Let me put a photo in here before people leave (I have more photos below the next bit of ranting).
Where wuz I? Oh, yeah . . . rip-off photo suites.
No, that’s not fair . . . On1 Photo 10 was (is) and excellent product well worth the money I paid. Unfortunately, the company — and hence the product — and me now travel on different paths. I wish them luck, but that path they will travel alone.
Which brings me to Nik Collection. I mentioned them before, but what people might not know is that the software has been sold to DxO (I use their software as well). You can still get the (current) free version of the Nik Collection (HERE) but DxO will be updating the software and releasing a new version. You can also download the current version at the DxO site as well as sign up for notification when they release the 2018 Nik Collection (HERE), although I imagine that will be available for a fee.
DxO has integrated the U-Point technology into their own product which now offers localized editing in addition to whole-photo manipulations. I’ll probably do an upgrade since it’s offered to me with an upgrade discount.
However, all of these tools are now reaching a point where additional modifications improvements will go beyond my need for them (I don’t manipulate photos as much as people think). At some point, I’ll freeze what I have and no longer bother with upgrades.
Anyway, back to the Note 8 . . . I mentioned that the Pro mode of the camera can save both the RAW shot and the processed JPG. What does that look like, you ask? Well, these are photo pairs right out of the phone; the first one is the RAW capture, and the second is the photo as processed by the camera. Some of the differences are impressive.
Here goes nothing (remember, I did nothing to either version of the photos) . . .
So, a couple of interesting things . . . the output (the JPG) is pretty much what I framed when I shot the photo. The RAW version is larger (wider zoom) and it appears whatever processing they do can be quite extensive. The first photo (especially) includes some adjustment for distortion.
The negative with what they do is that they seem to apply a fair amount of contrast (regular and dynamic) as well as (in my opinion) going a little heavy with the sharpening. They might sharpen a lot to compensate for what looks to be a lot of noise reduction even in good light. It gives the edges a slightly unnatural look when viewed at the pixel level which most people should not do.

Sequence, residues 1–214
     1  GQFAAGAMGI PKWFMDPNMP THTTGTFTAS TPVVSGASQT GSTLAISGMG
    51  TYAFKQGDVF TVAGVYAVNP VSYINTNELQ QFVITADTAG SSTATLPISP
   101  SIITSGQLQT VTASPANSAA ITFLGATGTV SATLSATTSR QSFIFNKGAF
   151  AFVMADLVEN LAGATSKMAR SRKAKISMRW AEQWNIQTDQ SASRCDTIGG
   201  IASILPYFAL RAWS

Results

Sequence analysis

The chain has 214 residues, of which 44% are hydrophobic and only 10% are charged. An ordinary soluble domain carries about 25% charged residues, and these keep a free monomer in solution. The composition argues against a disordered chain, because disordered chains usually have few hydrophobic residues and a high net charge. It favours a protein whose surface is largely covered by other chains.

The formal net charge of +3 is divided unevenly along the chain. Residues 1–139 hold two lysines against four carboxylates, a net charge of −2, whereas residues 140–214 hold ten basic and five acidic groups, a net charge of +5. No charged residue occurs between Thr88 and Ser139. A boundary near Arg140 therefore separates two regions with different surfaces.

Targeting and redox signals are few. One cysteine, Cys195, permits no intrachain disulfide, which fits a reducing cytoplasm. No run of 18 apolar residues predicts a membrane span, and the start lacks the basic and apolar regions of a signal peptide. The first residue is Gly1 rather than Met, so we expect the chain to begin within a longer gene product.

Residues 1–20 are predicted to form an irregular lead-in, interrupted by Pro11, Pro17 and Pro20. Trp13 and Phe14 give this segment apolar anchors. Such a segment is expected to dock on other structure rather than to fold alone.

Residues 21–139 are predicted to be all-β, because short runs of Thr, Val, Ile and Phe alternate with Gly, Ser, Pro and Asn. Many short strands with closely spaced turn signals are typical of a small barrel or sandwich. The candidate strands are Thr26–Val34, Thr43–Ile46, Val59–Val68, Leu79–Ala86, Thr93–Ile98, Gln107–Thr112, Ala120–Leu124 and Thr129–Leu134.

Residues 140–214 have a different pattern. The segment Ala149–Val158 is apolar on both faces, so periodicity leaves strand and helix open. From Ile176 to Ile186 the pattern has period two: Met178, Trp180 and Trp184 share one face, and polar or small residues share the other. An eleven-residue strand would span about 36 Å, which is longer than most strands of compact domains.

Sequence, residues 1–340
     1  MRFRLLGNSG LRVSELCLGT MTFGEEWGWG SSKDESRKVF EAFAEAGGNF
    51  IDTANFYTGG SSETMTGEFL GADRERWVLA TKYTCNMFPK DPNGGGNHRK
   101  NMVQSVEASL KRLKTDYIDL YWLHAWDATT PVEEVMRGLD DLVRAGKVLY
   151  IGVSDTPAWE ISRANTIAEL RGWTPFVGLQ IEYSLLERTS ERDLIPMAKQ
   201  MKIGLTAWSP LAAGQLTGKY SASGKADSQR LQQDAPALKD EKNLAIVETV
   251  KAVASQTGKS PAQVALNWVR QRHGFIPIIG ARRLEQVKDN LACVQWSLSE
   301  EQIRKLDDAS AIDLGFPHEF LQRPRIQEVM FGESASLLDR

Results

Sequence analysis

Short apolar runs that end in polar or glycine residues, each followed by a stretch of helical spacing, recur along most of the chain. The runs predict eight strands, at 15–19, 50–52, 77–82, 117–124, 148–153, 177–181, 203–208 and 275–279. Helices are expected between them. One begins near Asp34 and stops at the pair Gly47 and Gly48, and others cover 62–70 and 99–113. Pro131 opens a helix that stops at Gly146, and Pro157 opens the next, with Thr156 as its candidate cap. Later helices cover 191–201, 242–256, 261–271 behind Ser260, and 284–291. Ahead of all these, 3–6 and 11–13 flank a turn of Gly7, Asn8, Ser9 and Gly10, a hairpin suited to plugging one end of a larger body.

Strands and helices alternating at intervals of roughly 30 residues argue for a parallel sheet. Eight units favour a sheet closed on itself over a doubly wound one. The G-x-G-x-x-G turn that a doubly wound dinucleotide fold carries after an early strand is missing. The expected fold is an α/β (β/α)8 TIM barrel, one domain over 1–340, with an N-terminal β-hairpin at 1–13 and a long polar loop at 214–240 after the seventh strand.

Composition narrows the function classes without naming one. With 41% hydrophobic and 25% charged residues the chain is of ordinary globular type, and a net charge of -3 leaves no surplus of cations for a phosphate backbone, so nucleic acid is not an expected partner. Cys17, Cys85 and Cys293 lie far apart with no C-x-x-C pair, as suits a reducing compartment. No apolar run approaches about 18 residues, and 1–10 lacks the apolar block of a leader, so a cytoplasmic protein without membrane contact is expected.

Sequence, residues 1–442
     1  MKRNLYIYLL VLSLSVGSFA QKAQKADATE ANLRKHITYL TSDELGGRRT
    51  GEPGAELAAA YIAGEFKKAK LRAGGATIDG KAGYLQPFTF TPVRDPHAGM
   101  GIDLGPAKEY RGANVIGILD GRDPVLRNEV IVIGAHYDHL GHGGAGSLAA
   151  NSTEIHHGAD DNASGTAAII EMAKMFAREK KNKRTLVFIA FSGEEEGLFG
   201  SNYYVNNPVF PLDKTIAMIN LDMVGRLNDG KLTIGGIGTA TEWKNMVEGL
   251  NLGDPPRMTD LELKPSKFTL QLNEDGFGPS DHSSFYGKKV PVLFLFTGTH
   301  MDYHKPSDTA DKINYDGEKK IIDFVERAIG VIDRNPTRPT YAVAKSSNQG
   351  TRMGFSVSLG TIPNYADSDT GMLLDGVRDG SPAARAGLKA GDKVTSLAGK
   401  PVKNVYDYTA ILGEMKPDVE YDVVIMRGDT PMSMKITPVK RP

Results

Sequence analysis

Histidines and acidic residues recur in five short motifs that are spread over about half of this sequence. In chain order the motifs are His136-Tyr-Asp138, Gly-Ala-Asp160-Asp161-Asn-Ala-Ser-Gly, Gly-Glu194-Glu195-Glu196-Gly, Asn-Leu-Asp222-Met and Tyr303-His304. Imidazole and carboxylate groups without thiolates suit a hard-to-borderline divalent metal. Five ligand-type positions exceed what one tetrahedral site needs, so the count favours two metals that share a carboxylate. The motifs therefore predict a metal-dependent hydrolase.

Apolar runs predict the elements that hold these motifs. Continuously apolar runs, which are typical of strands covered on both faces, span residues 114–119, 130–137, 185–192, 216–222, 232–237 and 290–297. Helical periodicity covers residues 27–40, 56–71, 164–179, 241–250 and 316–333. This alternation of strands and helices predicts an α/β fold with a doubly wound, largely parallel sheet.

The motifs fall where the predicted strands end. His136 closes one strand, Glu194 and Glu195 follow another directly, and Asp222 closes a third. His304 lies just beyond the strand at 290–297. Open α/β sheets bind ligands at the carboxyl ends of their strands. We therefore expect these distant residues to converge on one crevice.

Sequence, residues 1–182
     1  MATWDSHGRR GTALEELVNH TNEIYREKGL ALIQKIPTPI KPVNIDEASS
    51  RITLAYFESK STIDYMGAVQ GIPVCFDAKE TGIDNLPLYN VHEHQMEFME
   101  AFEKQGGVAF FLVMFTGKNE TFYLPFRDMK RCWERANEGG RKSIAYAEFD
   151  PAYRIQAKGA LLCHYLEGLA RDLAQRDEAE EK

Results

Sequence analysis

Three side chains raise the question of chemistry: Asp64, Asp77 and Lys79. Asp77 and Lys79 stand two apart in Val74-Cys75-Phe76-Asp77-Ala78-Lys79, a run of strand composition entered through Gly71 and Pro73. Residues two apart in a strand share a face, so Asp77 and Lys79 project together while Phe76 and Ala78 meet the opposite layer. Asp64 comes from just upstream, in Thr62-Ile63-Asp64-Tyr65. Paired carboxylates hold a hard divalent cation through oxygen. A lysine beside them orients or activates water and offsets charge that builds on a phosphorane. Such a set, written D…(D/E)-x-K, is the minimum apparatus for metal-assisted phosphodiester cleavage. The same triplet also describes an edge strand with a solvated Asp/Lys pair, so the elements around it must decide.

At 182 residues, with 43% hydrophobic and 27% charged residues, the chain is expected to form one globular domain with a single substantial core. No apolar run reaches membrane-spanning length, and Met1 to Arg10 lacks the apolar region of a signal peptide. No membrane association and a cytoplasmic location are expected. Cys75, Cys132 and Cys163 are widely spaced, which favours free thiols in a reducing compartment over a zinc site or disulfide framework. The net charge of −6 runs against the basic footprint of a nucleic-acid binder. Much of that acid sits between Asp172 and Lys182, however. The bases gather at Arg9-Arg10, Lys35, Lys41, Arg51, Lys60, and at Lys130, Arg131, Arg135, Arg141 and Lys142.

The thing is, are the RAW photos as useful as those from the regular cameras? I’m assuming the sensor is pretty small (12MB versus 8MB for the Note II) and RAW capture seems of limited use.
Why don’t we test that out?
Note: if not interested in phone photography/performance (and/or you’re an old man from Australia), you can skip this and either go to the gallery or leave altogether.
Here is a RAW photo along with a 100% zoom clip (the full picture is scaled down to 1280 pixels while the clip is an actual 1:1 of the photo best viewed by clicking on it or waiting for the gallery at the end):
This next pair shows what the camera outputs:
This is what I can do — how I would edit/process this photo — in Lightroom when editing the RAW file:
In the gallery, I’ll have each full size in sequence and each clip in sequence so that they can be more easily compared.
What you can’t see above is that the one I processed has a bit less harshness at the edges (more realistic) but has a tad more noise in the shadow portions. You can click on the individual files for the parger versions (full size in the case of the 1:1 clips).
Here’s the ON1 processing of the JPG output from the camera. This is the typical processing I do on photos from the phone or the P900 (with minor variations depending on the content of the photo):
Here is the same processing applied to the RAW file:
Again, processing the RAW version results in “cleaner” edges; not as jagged, more natural and again you sacrifice a bit on the noise. The phone processing handles the noise issue a bit better and I suspect I would have better luck doing a pass of noise reduction first and then processing the photo.
What does all this mean?
Nothing . . . I’ll likely use the Auto Setting and show you a photo like this (well, OK; I would level it and boost the brightness a bit, but that’s it!)
. . . and you’ll be happy because you generally don’t give a cra . . . er . . . don’t care much about the details and — in fact — the majority of you never go to SmugMug. Plus, pixel viewing is rarely rewarding unless the photo is truly sharp and clean. The overall photo usually suffices, and unless doing long and boring comparisons, no one would know the difference between RAW, JPG, modified or processed, cropped or not . . . and no one should.
Just enjoy the photo and the writing and live a good life.
Here’s the gallery . . .
That’s it. This post has ended . . . except for the stuff below.
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. . . my FP ward . . . chieken shit.